The Adelaide Holocaust Museum and Andrew Steiner Education Centre (AHMSEC) is Adelaide’s newest museum, opening in November 2020. The museum has an obligation to preserve Holocaust history and educate current and future generations through programs that instil human rights and develop ethical and social awareness of young people and the wider community. The AHMSEC invites visitors to engage with themes from the Holocaust and their continuing relevance in contemporary society through the core exhibition, travelling exhibitions, local Holocaust survivor stories, and education and public access programs.
The permanent exhibition traces the history of the Holocaust, which is underpinned by stories from local Holocaust survivors. Since opening the doors, AHMSEC has continued to uncover more local Holocaust connections concerning those who sought refuge here, as well as the individuals and organisations who assisted them.
The Holocaust is a deeply personal story about the effect that hatred and prejudice can have on a community. In this talk Kathy Baykitch, will provide an insight into the development of AHMSEC. Additionally, she will highlight why Holocaust history matters today and the role that Holocaust museums play in sharing the critical lessons that still need to be heard and remembered today.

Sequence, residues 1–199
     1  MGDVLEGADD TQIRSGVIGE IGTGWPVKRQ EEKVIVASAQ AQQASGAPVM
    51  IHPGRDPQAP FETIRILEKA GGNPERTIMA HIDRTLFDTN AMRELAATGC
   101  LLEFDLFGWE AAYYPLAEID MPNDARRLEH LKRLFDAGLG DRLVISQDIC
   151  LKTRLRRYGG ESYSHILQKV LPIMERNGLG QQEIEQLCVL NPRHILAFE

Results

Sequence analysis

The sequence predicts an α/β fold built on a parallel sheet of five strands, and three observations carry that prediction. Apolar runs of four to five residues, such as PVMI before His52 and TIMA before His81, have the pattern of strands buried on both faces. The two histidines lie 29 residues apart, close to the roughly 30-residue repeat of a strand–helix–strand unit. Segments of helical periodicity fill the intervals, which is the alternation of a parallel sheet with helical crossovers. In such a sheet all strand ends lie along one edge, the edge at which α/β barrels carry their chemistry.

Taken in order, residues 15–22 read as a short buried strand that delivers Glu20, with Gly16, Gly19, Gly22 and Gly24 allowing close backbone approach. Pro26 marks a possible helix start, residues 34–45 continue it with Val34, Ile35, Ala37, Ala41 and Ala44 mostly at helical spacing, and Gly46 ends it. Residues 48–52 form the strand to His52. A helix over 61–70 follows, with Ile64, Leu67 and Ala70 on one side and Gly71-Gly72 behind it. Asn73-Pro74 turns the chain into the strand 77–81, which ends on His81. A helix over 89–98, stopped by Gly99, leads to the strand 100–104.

AHMSEC Curator Pauline Cockrill will provide an overview of the curation process of the permanent exhibition Holocaust. Pauline will reveal research being undertaken for a new exhibition on South Australian survivors of the Holocaust, uncovering some uniquely South Australian stories and initiatives that emerged in relation to those who sought refuge here, as well as the individuals and organisations who assisted them.
This free public lecture is part of the History Trust’s Talking History series.
Lecture will commence at 5.30pm (ACST) on Zoom. There will be a short Q&A following the lecture.
Kathy is the Centre Director of the Adelaide Holocaust Museum and Andrew Steiner Education Centre. Originally from Sydney, she is a second-generation survivor (child of a survivor). She is an experienced executive leader in the arts and cultural sector with extensive experience locally and abroad. Kathy’s interest in Holocaust history research focuses on how artists, particularly dance artists, survived the Holocaust through their art.
Pauline Cockrill – Curator
Pauline is an experienced museum curator/researcher/writer and currently is also Community History Officer at the History Trust. She has visited many museums worldwide, including Yad Vashem and other Holocaust and Jewish museums in both Australia and overseas. Pauline holds an Honours degree in Art History, a Graduate Diploma in Museum Studies, and an MA in Digital Heritage (University of Leicester, UK).